When I was first running for a seat on the SWCD Board of Supervisors back in 2010, the District’s most significant funding issues included limited staffing resources and a lack of grants to fund innovative projects related to soil health, wildlife, and watershed cleanups. The 2008 recession hit the District hard, with it being cut more than any other county department. Technically, we weren’t even an official county department at the time, given our quasi-governmental status. We are, however, now officially recognized as a Wake County Department as our relationship with the County and its Commissioners has led to a more substantial commitment to prioritizing the needs of our agricultural community and investing in community-led conservation practices. Staff and Supervisors, such as myself, have been vigilant in developing relationships with County Commissioners and Legislators, along with key departmental staff at the county, state, and federal levels, to ensure we can work together to address natural resource concerns by receiving adequate funding. These relationships are often the result of SWCD staff taking the time to explain to decision makers why our work matters and what impact we have on quality of life for people who call Wake County home. SWCD staff does this, among other ways, by creating thorough annual reports detailing our work and through taking decision makers out on site visits across the county to see our work firsthand. Understanding is key in ensuring our success.

The Wake SWCD works with landowners and land users to provide both technical and—when strict funding criteria are met—fiscal assistance on projects. State and Federal cost-share assistance programs help citizens install invaluable conservation practices in the county—with many of these practices benefiting the larger population and area than where they are installed. The most-used resource by the Wake SWCD is the North Carolina Agriculture Cost Share Program, which helps us address problems stemming from nonpoint source pollution on agricultural lands. This voluntary cost share program allows us to work with farmers and agricultural land renters to identify best management practices (BMPs) best suited to the specific farm in order to develop and enact conservation plans that oversee the implementation of those BMPs that will allow that farmer to be successful. We rank applications received by criteria which takes into consideration the most pressing natural resource concerns in Wake County. The Ag Cost Share program more directly benefits the farmer through cost sharing on programs that help to minimize farm field erosion that reduces the need to apply nutrient-containing substances to the crop or area through practices like conservation tillage, planting of critical areas, prescribed grazing of livestock, the installation of agricultural wells, sod-based rotation, and an assortment of other practices. The North Carolina General Assembly continues to fund this program because it preserves the family farm, our state’s original business engine, while helping it move into the future with increased productivity.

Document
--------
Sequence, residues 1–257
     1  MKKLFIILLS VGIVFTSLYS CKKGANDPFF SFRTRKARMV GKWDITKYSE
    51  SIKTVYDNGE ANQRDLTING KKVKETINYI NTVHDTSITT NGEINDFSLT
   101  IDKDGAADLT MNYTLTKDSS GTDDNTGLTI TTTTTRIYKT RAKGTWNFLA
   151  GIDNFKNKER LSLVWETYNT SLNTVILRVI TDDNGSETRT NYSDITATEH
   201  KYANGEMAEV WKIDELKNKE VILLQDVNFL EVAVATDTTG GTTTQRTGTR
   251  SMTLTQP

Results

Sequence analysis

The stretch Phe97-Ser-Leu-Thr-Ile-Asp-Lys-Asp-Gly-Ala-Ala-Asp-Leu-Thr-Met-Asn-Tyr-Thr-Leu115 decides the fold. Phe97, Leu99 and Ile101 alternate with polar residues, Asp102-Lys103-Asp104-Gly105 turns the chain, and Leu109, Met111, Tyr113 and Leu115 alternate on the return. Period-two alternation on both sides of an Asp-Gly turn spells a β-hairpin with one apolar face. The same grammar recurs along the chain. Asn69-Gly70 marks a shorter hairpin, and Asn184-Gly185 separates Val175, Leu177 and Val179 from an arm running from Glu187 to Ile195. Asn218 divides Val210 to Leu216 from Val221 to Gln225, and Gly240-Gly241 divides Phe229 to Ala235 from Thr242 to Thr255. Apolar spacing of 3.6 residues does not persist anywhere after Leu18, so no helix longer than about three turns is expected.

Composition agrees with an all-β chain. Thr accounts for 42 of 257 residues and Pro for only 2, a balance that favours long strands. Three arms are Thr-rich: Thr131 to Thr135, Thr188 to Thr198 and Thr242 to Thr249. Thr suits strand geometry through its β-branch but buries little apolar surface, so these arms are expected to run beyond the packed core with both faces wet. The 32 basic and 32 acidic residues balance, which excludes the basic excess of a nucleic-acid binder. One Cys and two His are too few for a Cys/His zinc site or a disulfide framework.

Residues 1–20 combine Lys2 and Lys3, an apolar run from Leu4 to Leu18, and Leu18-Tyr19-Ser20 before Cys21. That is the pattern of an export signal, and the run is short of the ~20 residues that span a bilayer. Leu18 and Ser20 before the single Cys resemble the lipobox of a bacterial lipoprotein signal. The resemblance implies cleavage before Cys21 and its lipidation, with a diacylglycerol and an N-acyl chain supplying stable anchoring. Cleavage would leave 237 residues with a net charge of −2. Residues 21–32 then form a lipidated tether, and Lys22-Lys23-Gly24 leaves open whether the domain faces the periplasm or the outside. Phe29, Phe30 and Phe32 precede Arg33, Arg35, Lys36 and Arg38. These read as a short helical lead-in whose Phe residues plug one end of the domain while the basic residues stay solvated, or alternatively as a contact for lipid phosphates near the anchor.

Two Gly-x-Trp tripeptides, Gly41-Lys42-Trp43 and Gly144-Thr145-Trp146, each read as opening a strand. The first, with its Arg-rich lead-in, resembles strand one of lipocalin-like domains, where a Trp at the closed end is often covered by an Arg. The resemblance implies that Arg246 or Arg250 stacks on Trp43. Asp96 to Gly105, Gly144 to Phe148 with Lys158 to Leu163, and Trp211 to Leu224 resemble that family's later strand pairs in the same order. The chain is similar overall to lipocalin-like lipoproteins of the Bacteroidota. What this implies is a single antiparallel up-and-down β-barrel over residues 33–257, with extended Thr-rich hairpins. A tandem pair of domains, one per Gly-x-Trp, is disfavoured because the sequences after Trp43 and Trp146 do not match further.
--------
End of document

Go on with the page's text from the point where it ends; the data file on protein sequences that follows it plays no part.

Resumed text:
Another voluntary, incentive-based program which we use to improve water quality in Wake County is the Community Conservation Assistance Program (CCAP). Similar to the Ag Cost Share Program, CCAP works to install BMPs, usually after a conservation plan is created. However, the CCAP focuses on urban, suburban, and rural lands not directly involved in agricultural production, which has resulted in partnerships with homeowners, businesses, schools, parks, and other landowners in order to provide educational, technical, and financial assistance in stormwater management and in bettering water quality.